I love doing these things because they add that little extra spice to life. I mean, how often do you get fired by your CEO in person? Bill Gates, upon learning of my fate, wrote a personal letter explaining how I'd kept everyone out of jail by my actions. I later got an apology note from the reporter, who finally realized he and I likely would have been sharing a jail cell had this gone down as he had planned.
Since then, Steve Ballmer has twice gotten me into hot water and twice bailed me out. Every time I saw him, as a joke, I would convey my wife's gratitude that I still had my job, something he also didn't find particularly funny. I came to understand that Steve Ballmer, while a nice guy, has no real sense of humor.
My Most Amazing Day at Microsoft
The launch of Windows 95 was one of the most memorable days of my life. It didn't start out well, though. Microsoft had asked me to be in a video that would be played at the launch. Evidently, the firm it hired didn't know how to do blue screen work. They put me on a moving platform so the clouds on the backdrop would appear to be moving slowly behind my head as I talked. Then they asked me how Windows 95 -- and I kid you not -- was going to affect my sex life. Fortunately, Bill Gates himself killed that video or I would never have lived that down. I was a geek, so it was going to make my sex life so much better? I mean, the time Windows takes to boot gave me that extra time to actually have a sex life.
The event was perfect, the clouds at Microsoft looked exactly like the clouds on the Windows 95 box, and the excitement was as if we were at a major political rally or sports event. It was actually more powerful than most of the Apple events and the only Microsoft event I've ever been to that came close to what Apple does regularly in terms of building excitement. Every aspect of the event I saw was Steve Jobs perfect -- and that is something. I left knowing I had likely participated in something I would never see again. Of course, this was topped by an ex-IBM employee who, working for Microsoft, decided to busy out the support lines so that the large number of people calling in for help would have a "special" experience. Certainly, listening to the busy signal was just so much better than listening to hold music, and it did make the support statistics look so much better.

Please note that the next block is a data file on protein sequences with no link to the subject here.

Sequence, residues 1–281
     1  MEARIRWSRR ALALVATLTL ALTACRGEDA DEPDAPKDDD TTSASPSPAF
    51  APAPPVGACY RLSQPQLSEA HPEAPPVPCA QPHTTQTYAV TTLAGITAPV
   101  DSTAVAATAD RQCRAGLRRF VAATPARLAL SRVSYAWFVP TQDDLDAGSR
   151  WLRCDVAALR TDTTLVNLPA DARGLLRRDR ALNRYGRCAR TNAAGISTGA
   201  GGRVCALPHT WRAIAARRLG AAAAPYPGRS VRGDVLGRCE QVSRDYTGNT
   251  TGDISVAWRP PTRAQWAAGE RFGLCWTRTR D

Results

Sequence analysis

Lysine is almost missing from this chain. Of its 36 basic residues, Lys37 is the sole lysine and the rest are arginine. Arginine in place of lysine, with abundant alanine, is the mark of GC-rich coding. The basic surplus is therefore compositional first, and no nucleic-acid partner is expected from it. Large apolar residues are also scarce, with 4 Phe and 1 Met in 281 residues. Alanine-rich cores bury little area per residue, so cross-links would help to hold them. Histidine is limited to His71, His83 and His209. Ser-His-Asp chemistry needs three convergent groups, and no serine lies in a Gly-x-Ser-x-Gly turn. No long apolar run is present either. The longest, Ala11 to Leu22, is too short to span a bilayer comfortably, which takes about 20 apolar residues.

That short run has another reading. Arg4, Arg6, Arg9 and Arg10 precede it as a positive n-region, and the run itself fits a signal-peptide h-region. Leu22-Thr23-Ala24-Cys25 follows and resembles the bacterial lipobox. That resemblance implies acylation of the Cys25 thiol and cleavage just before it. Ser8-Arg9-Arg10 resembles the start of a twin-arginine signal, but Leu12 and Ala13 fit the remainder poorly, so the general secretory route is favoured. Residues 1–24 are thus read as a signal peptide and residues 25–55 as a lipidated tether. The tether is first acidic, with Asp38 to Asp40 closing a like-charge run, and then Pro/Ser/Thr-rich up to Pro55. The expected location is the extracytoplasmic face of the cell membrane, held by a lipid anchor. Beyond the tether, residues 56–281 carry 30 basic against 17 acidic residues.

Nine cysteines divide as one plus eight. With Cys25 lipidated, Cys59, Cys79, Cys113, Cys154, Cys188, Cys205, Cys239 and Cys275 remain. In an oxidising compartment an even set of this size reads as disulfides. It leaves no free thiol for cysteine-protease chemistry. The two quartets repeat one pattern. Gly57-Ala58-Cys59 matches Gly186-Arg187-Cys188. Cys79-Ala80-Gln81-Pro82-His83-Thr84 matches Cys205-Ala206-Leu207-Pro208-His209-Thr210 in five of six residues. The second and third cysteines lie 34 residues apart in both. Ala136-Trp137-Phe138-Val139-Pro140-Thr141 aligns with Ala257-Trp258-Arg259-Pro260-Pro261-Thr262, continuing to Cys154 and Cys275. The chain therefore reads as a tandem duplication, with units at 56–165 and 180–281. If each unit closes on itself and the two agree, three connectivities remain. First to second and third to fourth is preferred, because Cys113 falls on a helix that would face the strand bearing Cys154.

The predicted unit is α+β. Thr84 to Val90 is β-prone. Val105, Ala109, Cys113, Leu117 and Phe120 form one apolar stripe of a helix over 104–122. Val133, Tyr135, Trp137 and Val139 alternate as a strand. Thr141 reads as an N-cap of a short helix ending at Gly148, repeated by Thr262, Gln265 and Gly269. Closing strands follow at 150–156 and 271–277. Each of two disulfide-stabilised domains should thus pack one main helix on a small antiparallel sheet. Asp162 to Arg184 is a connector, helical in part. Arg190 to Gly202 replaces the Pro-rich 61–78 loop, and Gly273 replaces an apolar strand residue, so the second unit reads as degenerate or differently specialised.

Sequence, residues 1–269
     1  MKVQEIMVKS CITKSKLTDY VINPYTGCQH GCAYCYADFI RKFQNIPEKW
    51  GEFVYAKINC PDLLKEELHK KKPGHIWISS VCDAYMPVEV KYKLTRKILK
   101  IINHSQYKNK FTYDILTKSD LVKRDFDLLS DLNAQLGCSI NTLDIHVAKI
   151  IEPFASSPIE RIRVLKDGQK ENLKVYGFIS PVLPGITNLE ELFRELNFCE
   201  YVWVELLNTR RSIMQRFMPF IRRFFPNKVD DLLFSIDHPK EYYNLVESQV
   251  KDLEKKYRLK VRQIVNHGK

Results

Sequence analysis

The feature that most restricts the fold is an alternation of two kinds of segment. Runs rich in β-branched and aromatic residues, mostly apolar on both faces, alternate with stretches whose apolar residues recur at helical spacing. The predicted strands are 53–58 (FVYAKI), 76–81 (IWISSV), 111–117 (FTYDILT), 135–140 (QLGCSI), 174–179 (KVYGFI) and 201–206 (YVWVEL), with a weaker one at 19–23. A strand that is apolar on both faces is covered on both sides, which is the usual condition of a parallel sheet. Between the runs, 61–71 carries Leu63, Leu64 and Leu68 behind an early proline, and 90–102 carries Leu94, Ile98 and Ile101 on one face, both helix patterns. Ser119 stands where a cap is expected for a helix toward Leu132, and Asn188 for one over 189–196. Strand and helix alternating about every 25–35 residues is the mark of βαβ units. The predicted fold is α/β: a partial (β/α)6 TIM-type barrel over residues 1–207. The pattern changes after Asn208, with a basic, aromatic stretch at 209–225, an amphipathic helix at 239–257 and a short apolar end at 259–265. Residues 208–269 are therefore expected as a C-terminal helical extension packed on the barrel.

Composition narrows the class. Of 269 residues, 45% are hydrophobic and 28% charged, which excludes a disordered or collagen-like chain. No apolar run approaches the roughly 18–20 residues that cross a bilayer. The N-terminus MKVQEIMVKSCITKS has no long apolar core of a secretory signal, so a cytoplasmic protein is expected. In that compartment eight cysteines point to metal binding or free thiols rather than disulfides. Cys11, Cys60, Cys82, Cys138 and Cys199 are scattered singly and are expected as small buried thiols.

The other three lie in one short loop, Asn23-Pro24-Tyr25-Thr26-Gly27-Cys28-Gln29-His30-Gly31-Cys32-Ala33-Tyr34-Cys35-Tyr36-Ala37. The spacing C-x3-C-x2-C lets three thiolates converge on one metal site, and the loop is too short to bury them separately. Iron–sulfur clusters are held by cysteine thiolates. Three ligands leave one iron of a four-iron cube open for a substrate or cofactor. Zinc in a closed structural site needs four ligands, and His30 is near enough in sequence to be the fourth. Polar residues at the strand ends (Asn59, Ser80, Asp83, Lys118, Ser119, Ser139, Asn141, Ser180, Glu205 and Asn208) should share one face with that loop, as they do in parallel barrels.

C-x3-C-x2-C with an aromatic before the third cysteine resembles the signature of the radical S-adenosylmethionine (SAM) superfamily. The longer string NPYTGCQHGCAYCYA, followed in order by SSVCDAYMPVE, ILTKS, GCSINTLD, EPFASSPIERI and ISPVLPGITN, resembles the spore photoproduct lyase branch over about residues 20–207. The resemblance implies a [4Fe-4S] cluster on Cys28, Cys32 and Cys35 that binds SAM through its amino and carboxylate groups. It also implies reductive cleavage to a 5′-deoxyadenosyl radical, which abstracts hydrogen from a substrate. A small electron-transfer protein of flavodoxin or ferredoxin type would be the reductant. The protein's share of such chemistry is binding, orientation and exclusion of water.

Since Windows 95, I've followed Microsoft very closely and still wonder how much my life, and Microsoft itself, would be altered had my initial decision been different. I think I might have brought a little more fun to the company and probably then gotten myself fired for it in the first several weeks. Who knows, Microsoft Bob might have been named after me!
Bill is still with us and I thought it would be good to express my gratitude for his help in making me what I am today and saving my butt when it needed saving. My experiences with Microsoft and Bill will be with me always and we often forget to share that until someone is gone. I hope I'll see Bill again, but until then I wanted to express my gratitude for his meaningful part in my life. And someday, if fortunes are with me, Steve Ballmer will smile at one of my jokes. Yes, I too dream of the impossible.
Good luck, Bill!